• Twilert is liked because of its simplicity — it’s easier to set up and use than the higher-tier tools currently out there

Talking to your customers will unearth plenty of information about how they use the product, what they find beneficial and what they want to see in future iterations. Perhaps your USP won’t be as you thought, or you’ll just get some really nice testimonials to use across your site.

Get on the phone to them, send a personal email or provide a monthly discount in exchange for some info.

You’ll be suprised at how many are willing to talk.

3. Persona your customers

Here’s where it gets time consuming. Unfortunately, you cannot build personas of your customers from your own ideas or from a brainstorming session. You just can’t.

The only true way to build personas? Pooling each and every single customer you have and then putting the results into one serious excel spreadsheet where you can tally up their interests, use cases, industries and customer history. (NB: I’d say 500 if the perfect sample-size for this task. Any more and it just gets silly.)

This is something I’ve been working on for the past two weeks and while I’m only part way in, the results are seriously interesting.

For example, while much of the Twilert customer base is centered around those working within marketing, PR and social media as you’d expect, there are also plenty of government organisations, schools and police stations who use the tool. This shows that we have an entire pool of customers just waiting to be tapped into.

Another interesting fact is that many of our customers are happy to only have one account manager, who sets up the alerts that then go out to various colleagues. This is contrary to the pricing structure we’d worked out based on the assumption that multiple users would want access to the same account at once.

Dipping into the current customers of your products is worth its weight in gold. You just need the motivation to get through the droll before you can uncover the exciting.

4. Ask for feedback

If you haven’t already, setup a ‘why didn’t you sign up’ form and track the answers of lost users.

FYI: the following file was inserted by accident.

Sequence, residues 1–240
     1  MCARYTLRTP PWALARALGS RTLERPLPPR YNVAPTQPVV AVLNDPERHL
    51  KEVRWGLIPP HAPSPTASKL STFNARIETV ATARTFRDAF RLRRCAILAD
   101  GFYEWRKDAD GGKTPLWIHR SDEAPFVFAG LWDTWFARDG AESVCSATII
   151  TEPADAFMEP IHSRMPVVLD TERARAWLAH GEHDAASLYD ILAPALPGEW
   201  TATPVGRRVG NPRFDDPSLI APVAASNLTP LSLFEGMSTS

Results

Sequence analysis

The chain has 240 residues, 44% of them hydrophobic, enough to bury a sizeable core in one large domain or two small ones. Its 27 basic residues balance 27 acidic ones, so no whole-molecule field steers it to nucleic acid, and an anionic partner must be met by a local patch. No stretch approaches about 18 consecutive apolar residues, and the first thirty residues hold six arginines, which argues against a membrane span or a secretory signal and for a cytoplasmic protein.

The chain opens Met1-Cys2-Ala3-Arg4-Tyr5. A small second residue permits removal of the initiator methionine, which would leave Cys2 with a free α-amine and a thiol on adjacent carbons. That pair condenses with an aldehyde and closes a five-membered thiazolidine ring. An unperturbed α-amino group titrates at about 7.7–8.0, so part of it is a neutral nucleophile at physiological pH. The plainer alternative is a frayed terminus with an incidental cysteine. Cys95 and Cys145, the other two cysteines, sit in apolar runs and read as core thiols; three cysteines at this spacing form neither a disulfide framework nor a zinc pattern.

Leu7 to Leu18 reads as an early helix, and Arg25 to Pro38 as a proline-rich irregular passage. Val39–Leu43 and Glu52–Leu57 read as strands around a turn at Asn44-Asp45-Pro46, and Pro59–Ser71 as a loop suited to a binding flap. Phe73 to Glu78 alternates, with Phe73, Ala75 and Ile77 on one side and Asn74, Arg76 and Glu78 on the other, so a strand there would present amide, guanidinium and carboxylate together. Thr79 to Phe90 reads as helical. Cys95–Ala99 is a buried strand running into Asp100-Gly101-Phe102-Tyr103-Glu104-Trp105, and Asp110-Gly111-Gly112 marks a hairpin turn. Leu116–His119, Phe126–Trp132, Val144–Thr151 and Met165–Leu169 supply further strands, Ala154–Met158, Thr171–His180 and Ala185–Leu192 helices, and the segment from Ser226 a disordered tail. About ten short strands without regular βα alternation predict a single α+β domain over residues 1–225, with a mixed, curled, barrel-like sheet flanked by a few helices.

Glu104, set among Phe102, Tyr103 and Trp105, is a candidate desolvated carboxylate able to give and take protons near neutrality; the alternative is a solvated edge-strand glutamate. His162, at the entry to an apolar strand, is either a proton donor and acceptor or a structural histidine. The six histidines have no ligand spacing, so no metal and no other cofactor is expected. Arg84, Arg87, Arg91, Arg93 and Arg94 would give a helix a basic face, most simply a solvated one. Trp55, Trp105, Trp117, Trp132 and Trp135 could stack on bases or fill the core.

One key point for this is to keep it simple — the less form filling your customers have to do, the more likely they are to do it. But of course, you know this. If you use Google forms you can pre-fill info for your customers which will help.

From this, you can learn exactly where you’re going wrong at that last crucial step. Because the type of customer who’s willing to answer one or two questions about why they didn’t sign up is often the type of customer who was one step away from giving you their money.

5. Analyse the process

What does a customer see when they log in the second time? What’s the renewal lifecycle like? How does feedback get managed? How long does it take you to respond to an in-app message?

Have a day where you play around with your product as if you’ve never seen it before. Often we launch a product, have a few beers to celebrate and then focus on the marketing/development/design and forget to log in to the basic interface. When you do, you’ll be surprised at how many typos, illogical sequences and odd call to actions you find!

If that fails and your eyes are already in too deep to see the wood from the trees, do the Mum test and find someone unfamiliar with your product to run it through its paces.

So while some of these tasks are simple and cheap, others are time-consuming and time-expensive. But put both together and you’ll never look back.

What are your key tips for getting under the skin of a new customer base? Do they match the above? Comment below — I’d love to know!

Cover image sourced from Flickr.com